4 And in the four and twentieth day of the first month, as I was by the side of the great river, which is Hiddekel.

My presumption of any given text is that details matter. If details are included at, or near the start of a section, initial details will be foundational to portions downstream.

  1. Why is it necessary to inform us the fast had reached the 24th day of the first month?
  2. Should we assume this is the first calendar month or religious month?
  • This might be better on Stack Exchange, Biblical Hermeneutics..
    – Nigel J
    May 25, 2022 at 8:35
  • If it was written by Daniel in captivity in Babylon, a reasonable interpretation might be that it was the first month of the Babylonian year (Araḫ Nisānu i.e. Nisan - the first month of the Jewish ecclesiastical year). But the Book of Daniel may have been written many centuries later. As for the 24th of the month, there may be a connection with Haggai 1:15.
    – Henry
    May 25, 2022 at 15:07

1 Answer 1


Yes, specific dates are important, as shown a few verses earlier where Daniel was told by the heavenly messenger, Gabriel, that "From the issuing of the decree to restore and rebuild Jerusalem until the Anointed One, the ruler, comes, there will be seven 'sevens' and sixty-two 'sevens'..." (Daniel 9:25). This is not just an unrelated point by way of an introduction to my answer - this is germane to your question.

A few years later, but only a few verses further on in the written record, Daniel is given a vision about a future great war. By the time of the vision, it was the third year of Cyrus after his conquest of Babylonia. However, in Cyrus's first year as king, he issued the decree to restore and rebuild Jerusalem - 2 Chronicles 36:22 & Ezra 1:1-4. Cyrus's first year began on 24 March, 538 B.C.E. (This is according to a Nisan to Nisan Jewish calendar.) The significance of such details is that it can be worked out (with hindsight) that 483 years passed from the issuing of that decree until Jesus rode into Jerusalem, being acclaimed King.

Now it may become clearer as to why Daniel was inspired by the Holy Spirit to record specific details about dates. This proves that although his visions were spiritual and only seen by him, he received them in real time, during specific periods in history when historic rulers were in place.

Now, chapter 10 vs. 4 and the date Daniel gives there. Perhaps he gives it because (as he writes in verse 7) none of the other men with him by the banks of the Tigris [Hiddekel] river saw what he saw. Interestingly, akin to Saul of Tarsus on the road to Damascus, Saul's entourage were similarly stricken with terror yet did not see what Saul saw. So were the men with Daniel stricken that particular day. They were so terrified, they ran and hid themselves. Perhaps Daniel could call upon them to testify that something supernatural happened that day, even though only Daniel saw the vision of an awesome heavenly one, who spoke to him about his prayer being answered.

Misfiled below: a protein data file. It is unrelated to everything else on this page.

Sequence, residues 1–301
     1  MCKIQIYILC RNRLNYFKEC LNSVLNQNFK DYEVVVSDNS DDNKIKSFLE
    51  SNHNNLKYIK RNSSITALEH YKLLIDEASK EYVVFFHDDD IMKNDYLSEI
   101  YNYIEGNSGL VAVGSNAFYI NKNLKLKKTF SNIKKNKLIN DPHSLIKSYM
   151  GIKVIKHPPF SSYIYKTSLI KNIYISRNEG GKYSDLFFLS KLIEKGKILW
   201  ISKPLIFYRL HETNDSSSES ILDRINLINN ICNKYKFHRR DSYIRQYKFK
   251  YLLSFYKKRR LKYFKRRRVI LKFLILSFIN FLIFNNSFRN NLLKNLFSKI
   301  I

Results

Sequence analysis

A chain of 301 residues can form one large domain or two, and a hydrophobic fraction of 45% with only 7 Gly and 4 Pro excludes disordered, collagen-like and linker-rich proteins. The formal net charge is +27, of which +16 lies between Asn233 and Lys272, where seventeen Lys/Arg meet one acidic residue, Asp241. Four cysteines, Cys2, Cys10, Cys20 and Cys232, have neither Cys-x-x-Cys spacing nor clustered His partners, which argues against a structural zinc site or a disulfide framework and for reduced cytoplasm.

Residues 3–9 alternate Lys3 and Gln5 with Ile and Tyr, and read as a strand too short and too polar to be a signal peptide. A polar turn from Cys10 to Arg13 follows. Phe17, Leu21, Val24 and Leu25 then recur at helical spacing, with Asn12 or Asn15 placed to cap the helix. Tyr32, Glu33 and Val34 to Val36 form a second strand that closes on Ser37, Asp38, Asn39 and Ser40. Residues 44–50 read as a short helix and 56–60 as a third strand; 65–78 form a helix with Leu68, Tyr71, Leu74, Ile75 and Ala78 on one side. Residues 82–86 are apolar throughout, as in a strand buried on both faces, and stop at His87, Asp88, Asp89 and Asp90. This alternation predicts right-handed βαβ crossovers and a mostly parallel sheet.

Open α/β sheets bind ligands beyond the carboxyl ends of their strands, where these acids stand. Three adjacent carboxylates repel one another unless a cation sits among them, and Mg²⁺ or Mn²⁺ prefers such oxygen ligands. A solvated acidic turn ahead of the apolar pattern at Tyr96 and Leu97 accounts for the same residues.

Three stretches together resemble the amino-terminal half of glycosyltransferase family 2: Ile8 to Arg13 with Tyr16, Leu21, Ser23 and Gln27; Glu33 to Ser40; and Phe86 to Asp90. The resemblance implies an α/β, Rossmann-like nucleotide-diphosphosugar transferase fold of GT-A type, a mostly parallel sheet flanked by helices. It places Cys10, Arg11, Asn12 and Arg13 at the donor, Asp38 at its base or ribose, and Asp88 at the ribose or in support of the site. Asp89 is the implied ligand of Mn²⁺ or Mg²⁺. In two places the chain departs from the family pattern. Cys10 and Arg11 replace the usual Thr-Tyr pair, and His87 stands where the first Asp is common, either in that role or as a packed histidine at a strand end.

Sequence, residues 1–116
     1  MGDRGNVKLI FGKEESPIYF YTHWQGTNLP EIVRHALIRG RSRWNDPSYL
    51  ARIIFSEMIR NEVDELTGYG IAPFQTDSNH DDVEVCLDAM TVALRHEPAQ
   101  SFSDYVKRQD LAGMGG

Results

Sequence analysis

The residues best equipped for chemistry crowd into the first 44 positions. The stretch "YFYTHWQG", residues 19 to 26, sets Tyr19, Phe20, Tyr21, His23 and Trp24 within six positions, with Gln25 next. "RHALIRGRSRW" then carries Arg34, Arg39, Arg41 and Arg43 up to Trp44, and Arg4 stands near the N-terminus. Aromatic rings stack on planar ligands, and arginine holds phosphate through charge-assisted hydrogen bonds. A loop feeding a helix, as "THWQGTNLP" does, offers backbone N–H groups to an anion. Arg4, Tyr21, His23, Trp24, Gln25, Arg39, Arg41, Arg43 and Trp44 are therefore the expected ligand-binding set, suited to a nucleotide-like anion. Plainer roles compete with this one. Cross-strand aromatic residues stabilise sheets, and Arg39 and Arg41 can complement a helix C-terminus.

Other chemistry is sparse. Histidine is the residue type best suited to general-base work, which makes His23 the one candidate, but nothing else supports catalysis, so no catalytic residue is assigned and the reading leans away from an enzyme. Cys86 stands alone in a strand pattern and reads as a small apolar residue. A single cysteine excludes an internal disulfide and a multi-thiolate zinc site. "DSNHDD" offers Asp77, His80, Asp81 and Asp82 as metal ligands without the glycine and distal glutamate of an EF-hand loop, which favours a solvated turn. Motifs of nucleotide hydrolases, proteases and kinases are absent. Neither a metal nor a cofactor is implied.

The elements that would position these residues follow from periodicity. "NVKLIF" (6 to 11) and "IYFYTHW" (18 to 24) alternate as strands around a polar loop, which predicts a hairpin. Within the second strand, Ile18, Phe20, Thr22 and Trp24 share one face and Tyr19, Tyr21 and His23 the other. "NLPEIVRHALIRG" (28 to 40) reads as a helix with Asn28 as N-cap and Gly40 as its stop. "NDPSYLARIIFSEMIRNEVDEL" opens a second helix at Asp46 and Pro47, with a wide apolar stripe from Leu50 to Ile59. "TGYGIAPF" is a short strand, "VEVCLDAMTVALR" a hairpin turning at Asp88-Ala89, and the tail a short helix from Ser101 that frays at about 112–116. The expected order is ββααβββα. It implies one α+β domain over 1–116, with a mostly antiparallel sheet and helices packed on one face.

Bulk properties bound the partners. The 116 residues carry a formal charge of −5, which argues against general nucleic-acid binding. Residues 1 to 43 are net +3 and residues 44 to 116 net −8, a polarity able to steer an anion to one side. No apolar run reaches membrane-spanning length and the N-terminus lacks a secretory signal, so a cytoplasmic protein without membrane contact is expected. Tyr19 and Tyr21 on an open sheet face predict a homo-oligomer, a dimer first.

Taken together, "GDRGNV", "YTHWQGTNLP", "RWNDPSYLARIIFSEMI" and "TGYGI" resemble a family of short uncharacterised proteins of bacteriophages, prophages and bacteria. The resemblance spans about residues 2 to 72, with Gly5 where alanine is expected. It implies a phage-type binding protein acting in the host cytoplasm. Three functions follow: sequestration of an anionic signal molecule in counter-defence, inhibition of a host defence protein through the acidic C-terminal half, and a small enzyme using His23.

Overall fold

Daniel's mention of the fast was peculiar to him, and it followed his realisation that the foretold 70 years of exile were now up. So, he fasted for three weeks.

You correctly say, "If details are included at, or near the start of a section, initial details will be foundational to portions downstream." but my suggestion is that the details about dates in Daniel 9:25 forms the start of a section flowing 'downstream' to Daniel's vision in 10:4, and the importance of the dates connect with the 70 year's exile having ended, and a future coming of Messiah as King. Daniel's three-week fast prepares him, personally, to receive an angelic revelation, though he didn't know that while he fasted.

  • There was something in par. 2 that I still think of a month since you answered. You mentioned a future war. I am very familiar with the near universal interpretation of ch. 10-12. Plus the Dispensationist extention arch-type leap to the future. But strangely it's not distribed as a war. War is a precise thing with precise details. If I ask a question worded specifically to your par. 2 would you describe this war and it's time-line? I would like very much to understand if your take is in anyway differing in detail then the usual. Sep 13, 2022 at 16:29
  • @Nathan Priddis The verse where the angel tells Daniel of a future war is ch.9 vs. 26 which is linked to Messiah being cut off. After that, "the prince that shall come shall destroy the city and the sanctuary; and the end thereof shall be with a flood, and unto the end of the war desolations are determined." Let me know if you frame a new Q, but personal opinions and interpretations are actively discouraged on this site not least because there are many conflicting opinions and interpretations doing the rounds on this!
    – Anne
    Sep 14, 2022 at 9:16

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